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Articles on Women's suffrage

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Women protested outside the White House in 1917, seeking the right to vote. Harris & Ewing via Library of Congress

Deaf women fought for the right to vote

Despite harsh, discriminatory conditions, low pay and lack of appreciation, deaf women have fought with brilliance and dedication for personal and professional recognition, including the right to vote.
Congress had very few women members back in 1960, and just one woman of color: Representative Patsy Mink of Hawaii. Smith Collection/Gado/Getty Images)

Patsy Takemoto Mink blazed the trail for Kamala Harris – not famous white woman Susan B. Anthony

Mink, the first woman of color in Congress, brought a racially and historically aware brand of feminism into lawmaking and ran for president in 1972. But women’s history largely overlooks her.
These boys working in a Georgia cotton mill were photographed in 1909. Lewis Hine/The National Child Labor Committee Collection via Library of Congress

Abolishing child labor took the specter of ‘white slavery’ and the job market’s near collapse during the Great Depression

More than a fifth of US children were working in 1900, and many Americans saw nothing wrong with that. It took decades of activism and court battles plus economic upheaval to change course.
Catherine Hay Thomson went undercover as an assistant nurse for her series on conditions at Melbourne Hospital. A. J. Campbell Collection/National Library of Australia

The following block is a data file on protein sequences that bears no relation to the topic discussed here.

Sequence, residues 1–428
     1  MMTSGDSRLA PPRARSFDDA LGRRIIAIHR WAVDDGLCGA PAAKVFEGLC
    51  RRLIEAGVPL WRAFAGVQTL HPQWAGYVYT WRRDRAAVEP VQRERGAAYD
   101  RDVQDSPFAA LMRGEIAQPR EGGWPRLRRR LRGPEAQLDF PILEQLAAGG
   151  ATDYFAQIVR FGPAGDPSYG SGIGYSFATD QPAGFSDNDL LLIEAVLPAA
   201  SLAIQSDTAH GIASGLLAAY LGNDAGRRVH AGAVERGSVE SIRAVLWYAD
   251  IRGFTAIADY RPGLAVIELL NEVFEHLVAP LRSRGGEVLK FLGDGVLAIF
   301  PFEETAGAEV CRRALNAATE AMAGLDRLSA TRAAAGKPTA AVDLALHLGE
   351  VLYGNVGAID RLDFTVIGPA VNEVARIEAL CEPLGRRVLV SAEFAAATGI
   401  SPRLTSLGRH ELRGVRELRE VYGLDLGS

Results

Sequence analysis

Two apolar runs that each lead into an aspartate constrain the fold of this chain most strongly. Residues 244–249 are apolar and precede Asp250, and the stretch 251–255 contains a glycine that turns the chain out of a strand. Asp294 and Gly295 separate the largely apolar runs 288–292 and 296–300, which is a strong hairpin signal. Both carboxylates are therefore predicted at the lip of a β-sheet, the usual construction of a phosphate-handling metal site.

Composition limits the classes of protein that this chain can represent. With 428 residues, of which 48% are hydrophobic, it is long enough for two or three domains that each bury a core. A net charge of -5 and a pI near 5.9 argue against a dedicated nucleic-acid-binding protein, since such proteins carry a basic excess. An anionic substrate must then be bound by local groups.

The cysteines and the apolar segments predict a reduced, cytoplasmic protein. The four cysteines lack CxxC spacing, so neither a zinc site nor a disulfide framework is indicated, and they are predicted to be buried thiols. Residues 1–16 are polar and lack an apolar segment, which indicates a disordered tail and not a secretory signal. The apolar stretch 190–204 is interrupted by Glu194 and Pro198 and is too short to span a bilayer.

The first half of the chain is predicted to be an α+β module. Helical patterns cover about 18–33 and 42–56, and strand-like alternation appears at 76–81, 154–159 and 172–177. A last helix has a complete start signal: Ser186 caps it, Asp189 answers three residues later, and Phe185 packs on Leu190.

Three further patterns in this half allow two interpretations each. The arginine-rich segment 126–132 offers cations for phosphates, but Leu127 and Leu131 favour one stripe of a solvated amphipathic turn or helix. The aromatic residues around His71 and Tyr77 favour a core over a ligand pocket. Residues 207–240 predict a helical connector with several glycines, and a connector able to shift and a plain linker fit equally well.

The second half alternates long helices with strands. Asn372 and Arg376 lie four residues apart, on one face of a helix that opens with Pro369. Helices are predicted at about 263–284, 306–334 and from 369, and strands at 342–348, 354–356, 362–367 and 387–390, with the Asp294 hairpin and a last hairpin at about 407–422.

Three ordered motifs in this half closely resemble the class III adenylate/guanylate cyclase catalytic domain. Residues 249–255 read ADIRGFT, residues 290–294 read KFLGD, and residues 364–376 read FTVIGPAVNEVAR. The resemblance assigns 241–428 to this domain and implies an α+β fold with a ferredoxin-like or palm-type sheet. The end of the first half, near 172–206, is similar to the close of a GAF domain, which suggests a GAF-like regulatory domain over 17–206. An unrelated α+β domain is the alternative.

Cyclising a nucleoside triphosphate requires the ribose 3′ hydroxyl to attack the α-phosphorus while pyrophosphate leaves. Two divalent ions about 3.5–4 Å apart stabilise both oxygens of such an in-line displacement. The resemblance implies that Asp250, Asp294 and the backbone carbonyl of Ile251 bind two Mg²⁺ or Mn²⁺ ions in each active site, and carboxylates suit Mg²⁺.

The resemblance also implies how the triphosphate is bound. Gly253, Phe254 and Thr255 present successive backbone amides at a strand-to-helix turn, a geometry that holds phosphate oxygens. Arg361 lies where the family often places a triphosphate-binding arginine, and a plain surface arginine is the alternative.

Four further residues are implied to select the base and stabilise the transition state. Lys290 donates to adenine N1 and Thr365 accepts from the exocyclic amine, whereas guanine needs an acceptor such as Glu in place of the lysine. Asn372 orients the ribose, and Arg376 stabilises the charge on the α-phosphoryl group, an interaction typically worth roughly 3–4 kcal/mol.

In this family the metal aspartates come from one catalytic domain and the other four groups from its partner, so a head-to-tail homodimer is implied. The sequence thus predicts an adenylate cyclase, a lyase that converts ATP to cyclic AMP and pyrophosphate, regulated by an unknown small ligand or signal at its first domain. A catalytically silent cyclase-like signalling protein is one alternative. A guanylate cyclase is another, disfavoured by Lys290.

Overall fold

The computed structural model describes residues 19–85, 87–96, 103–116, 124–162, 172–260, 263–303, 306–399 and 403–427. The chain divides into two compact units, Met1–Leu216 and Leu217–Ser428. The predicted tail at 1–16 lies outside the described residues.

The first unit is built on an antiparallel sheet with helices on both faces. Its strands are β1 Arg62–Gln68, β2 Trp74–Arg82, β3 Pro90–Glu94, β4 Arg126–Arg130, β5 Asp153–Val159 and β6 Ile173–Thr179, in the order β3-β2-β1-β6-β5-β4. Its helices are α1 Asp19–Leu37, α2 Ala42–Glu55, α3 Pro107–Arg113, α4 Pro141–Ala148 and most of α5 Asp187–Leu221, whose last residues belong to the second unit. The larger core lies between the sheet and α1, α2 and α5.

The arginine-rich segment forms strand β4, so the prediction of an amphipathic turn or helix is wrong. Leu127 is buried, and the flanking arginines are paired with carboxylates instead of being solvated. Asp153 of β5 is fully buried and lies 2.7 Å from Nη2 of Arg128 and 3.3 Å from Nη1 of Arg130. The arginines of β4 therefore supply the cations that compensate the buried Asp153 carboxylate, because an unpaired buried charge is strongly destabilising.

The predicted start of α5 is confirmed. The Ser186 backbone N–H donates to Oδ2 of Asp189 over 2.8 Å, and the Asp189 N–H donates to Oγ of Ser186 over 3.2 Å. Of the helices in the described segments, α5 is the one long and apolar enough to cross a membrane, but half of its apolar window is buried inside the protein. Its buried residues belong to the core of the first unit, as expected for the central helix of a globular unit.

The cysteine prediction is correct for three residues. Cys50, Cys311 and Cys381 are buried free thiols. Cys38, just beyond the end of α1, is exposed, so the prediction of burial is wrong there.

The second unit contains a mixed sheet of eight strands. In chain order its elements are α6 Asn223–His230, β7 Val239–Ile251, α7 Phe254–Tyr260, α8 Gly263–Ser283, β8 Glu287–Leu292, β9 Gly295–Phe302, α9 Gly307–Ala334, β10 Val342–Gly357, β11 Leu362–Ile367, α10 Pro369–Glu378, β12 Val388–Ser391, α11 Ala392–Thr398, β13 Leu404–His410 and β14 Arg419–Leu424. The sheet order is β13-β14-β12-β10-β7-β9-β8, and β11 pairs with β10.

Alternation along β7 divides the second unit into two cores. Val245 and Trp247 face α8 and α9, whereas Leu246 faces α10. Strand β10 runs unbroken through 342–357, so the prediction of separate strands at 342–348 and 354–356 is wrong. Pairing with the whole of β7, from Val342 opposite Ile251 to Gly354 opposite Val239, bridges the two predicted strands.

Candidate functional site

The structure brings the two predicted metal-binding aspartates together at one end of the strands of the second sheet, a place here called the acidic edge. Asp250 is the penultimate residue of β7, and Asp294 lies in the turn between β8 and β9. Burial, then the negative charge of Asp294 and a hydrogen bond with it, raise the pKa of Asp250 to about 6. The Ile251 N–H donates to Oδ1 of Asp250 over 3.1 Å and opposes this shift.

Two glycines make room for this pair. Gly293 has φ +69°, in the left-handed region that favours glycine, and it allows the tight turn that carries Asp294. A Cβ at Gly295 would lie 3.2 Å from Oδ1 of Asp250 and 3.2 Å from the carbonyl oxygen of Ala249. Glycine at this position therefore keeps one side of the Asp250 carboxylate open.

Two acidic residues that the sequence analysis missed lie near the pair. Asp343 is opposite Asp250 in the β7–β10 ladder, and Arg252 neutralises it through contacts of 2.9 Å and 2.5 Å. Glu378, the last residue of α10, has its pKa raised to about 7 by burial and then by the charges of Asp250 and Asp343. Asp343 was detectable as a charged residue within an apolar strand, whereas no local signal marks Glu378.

Hidden women of history: Catherine Hay Thomson, the Australian undercover journalist who went inside asylums and hospitals

A passionate crusader for the rights of women and children, Catherine Hay Thomson went undercover to investigate their treatment in public institutions and testified before a Royal Commission.
After winning the right to vote in 1893, New Zealand’s suffragists kept up the battle, but the unity found in rallying around the major cause had receded. Jim Henderson/Wikimedia Commons

NZ was first to grant women the vote in 1893, but then took 26 years to let them stand for parliament

New Zealand was the first nation to grant women the vote in 1893, but during the pre-war years enduring prejudice against women in politics outweighed any support for women to stand for parliament
Kamala Harris wore white for a reason during her victory speech. AP Photo/Andrew Harnik

How white became the color of suffrage

Being the media-savvy women that they were, suffragists realized they needed to come up with a meaningful, recognizable brand.
Independent Kerryn Phelps’s roll call of “decency, integrity, humanity” harked back to the women who fought hard for female enfranchisement in the early 20th century. AAP/Chris Pavlich

More than a century on, the battle fought by Australia’s suffragists is yet to be won

The early suffragists would be rolling in their graves to know that women joining the ranks of parliamentarians barely changed their male colleagues’ outlook and demeanour at all.
A memorial by sculptor Margriet Windhausen depicts the life-size figures of Kate Sheppard and other leaders of the Aotearoa New Zealand suffrage movement. Bernard Spragg/Wikimedia Commons

Why New Zealand was the first country where women won the right to vote

125 years ago today women in New Zealand were the first to win the right to vote. Why did this global first happen in a small and isolated corner of the South Pacific?

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